Israeli airstrikes caused an explosion and large fire at a military factory south of the capital, Khartoum, killing two people, Sudan’s government spokesman claimed Wednesday.
Minister of Information Ahmed Belal Osman told reporters that four aircraft struck the Yarmouk Complex, causing an explosion that rocked the capital just before dawn.
“Four planes coming from the east bombed the Yarmouk industrial complex,” Belal said. “They used sophisticated technology.” He didn’t elaborate further.
“We think Israel did the bombing,” Belal charged. “We reserve the right to react at a place and time we choose,” and may take the issue to the UN Security Council, he told reporters.
The Yarmouk facility — which some reports said makes ammunition for Iran — is located approximately 1,900 kilometers from Israeli territory, approximately the same distance from Israel as Iran, Channel 2 pundit Ehud Ya’ari noted.
The implication was that as well as a blow to Sudan and Iran in terms of lost ammunition, were this an Israeli strike it would serve as a warning to Iran of the capacity to strike over such a range. From Israel, the distance to Yarmouk is further than to certain key Iranian nuclear facilities.
The Israeli military and Foreign Ministry refused to comment.
The Sudanese minister further claimed that “evidence pointing to Israel was found among remnants of the explosives,” AFP reported.
Belal also referred to a 2009 attack on an arms convoy in the Red Sea province in eastern Sudan, which his government also blamed on Israel.
“We are now certain that this flagrant attack was authorized by the same state of Israel. The main purpose is to frustrate our military capabilities and stop any development there and ultimately weaken our national sovereignty,” Belal said.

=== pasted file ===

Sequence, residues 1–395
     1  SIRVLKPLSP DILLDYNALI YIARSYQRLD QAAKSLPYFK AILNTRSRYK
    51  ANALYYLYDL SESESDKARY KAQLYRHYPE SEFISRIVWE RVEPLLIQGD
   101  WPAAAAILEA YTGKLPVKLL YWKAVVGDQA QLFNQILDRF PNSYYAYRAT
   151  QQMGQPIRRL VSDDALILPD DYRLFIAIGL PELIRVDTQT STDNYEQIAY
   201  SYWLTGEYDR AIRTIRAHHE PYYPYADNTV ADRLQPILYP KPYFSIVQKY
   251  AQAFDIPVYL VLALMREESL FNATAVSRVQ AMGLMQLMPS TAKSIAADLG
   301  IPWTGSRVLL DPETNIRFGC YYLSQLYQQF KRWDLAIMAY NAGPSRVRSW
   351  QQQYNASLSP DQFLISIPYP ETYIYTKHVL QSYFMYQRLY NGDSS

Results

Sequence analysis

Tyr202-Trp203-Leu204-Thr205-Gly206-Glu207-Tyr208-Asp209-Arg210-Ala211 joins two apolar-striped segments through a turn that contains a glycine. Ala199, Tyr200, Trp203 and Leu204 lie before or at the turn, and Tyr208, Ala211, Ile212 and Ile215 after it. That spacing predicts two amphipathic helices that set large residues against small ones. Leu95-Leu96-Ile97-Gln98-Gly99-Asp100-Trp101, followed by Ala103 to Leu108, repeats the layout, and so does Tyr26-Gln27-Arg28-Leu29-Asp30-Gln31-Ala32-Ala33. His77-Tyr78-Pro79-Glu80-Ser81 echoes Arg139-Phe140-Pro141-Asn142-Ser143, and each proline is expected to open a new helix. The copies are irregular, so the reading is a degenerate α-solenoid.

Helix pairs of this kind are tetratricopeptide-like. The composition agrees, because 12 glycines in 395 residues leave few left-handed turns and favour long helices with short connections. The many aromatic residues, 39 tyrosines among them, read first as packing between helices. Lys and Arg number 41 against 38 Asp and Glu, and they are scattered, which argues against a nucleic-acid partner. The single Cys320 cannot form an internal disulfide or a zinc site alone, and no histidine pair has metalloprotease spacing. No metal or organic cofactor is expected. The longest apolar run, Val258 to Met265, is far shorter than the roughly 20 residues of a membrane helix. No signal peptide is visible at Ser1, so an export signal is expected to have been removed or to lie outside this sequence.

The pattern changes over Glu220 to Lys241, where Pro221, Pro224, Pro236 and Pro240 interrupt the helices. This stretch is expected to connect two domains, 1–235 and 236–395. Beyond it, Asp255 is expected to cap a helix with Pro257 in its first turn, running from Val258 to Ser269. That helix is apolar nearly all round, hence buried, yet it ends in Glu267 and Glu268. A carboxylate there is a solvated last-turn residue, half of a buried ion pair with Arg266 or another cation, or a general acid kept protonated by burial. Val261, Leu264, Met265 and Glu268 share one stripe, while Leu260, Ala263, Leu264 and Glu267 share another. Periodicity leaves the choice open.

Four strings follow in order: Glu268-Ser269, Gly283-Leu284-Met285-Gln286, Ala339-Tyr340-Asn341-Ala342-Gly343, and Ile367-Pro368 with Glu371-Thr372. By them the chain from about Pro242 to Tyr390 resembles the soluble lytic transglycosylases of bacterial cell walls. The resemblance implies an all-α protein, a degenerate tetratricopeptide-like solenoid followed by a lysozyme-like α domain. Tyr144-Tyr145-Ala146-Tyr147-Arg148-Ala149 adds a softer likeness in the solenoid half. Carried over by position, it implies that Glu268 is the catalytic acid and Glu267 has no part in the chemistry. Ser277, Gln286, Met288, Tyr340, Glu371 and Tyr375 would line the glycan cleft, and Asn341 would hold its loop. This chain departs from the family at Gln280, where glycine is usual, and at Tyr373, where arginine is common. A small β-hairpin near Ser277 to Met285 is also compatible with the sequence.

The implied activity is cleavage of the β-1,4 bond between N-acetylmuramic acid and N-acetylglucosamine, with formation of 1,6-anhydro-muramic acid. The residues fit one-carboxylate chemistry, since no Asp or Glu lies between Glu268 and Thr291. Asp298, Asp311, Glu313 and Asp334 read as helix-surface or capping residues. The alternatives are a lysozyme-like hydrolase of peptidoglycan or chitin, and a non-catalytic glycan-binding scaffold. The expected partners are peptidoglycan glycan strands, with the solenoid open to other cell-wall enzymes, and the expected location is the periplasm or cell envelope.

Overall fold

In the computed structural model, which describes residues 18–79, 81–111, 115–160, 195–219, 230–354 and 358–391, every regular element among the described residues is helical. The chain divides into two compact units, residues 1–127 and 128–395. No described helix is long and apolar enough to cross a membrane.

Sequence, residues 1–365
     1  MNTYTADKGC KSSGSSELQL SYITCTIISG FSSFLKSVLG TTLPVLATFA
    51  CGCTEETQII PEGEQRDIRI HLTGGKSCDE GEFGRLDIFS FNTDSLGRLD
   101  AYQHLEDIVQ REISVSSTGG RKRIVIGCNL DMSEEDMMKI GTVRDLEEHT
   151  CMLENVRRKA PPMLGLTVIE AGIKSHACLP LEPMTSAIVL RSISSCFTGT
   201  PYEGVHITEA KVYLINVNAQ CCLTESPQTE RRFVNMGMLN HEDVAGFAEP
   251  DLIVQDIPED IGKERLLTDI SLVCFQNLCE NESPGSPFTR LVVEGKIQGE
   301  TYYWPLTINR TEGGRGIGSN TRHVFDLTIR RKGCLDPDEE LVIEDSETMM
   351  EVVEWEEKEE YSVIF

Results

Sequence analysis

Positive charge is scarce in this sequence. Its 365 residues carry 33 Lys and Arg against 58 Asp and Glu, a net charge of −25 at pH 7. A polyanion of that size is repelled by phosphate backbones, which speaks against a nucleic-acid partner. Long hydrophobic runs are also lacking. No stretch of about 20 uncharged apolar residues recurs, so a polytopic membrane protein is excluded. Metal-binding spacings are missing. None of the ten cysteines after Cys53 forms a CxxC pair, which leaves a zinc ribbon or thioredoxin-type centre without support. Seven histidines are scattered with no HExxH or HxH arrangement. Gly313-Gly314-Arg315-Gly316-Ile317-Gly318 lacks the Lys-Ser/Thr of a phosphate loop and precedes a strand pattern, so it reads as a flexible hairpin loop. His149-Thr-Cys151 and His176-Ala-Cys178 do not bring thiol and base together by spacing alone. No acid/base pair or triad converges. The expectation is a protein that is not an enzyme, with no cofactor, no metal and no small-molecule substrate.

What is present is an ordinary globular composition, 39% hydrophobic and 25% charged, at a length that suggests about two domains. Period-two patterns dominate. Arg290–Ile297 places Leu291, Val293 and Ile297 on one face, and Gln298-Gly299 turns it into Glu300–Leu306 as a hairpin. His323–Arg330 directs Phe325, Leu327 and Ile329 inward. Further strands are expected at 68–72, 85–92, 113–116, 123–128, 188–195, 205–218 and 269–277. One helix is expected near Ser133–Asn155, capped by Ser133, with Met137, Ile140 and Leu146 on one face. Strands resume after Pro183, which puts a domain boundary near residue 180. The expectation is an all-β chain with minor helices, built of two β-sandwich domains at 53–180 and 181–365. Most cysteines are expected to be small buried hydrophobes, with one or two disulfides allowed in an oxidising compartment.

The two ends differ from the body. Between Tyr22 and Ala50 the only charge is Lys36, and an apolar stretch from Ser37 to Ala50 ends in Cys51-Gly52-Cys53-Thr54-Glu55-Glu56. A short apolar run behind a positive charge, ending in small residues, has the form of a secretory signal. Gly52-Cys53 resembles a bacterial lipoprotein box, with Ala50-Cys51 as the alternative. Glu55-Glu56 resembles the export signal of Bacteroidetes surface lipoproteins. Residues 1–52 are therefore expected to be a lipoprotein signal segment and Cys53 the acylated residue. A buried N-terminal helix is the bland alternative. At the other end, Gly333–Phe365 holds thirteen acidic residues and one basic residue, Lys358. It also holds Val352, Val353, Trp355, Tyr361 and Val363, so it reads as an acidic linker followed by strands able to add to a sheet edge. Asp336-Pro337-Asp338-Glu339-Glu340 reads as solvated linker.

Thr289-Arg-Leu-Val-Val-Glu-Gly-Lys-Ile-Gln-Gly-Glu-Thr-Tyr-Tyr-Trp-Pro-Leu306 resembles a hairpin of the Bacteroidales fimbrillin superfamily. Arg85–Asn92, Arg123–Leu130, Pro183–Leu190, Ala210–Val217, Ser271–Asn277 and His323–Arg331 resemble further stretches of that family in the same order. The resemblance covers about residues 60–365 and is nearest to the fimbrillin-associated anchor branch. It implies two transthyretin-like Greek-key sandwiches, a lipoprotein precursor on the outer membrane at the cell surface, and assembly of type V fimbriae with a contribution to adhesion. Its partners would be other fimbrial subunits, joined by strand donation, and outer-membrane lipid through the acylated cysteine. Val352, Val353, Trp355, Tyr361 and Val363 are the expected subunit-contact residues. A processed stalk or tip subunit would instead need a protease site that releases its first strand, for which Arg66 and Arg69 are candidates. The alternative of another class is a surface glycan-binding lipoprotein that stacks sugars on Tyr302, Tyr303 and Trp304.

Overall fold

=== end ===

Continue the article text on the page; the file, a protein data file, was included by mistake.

In 2009, a convoy carrying weapons in northeastern Sudan was targeted from the air, killing dozens. It was widely believed that Israel carried out the attack, hitting a weapons shipment headed for Palestinian terrorists in the Gaza Strip. Israel never confirmed or denied that. Sudanese parliamentarians denied that weapons were being transported in the area.
Khartoum also accused Israel in 2011 of carrying out a missile strike against an Islamist arms supplier who was reportedly providing Hamas with weapons. Two people were killed in the explosion near Port Sudan.
The Yarmouk weapons complex was built in the 1996. Sudan prided itself in having a way to produce its own ammunition and weapons despite international sanctions.
Yarmouk is one of two known state-owned weapons manufacturing facilities in the Sudanese capital.
Jonah Leff of the Geneva-based Small Arms Survey told The Associated Press that the location of the two factories is “certainly a hazard” to Khartoum’s population if the weapons inside are not properly maintained or secured.
A September report from the Small Arms Survey said there was evidence from weapons packaging found in Darfur and in South Kordofan that arms and ammunition from China are exported to Yarmouk and then transported to the two embattled regions.
Leff said that although the Small Arms Survey has documented Sudanese military stocks of Iranian weapons and ammunition, there is no evidence that Iranian weapons are being assembled or manufactured in the two Khartoum factories.
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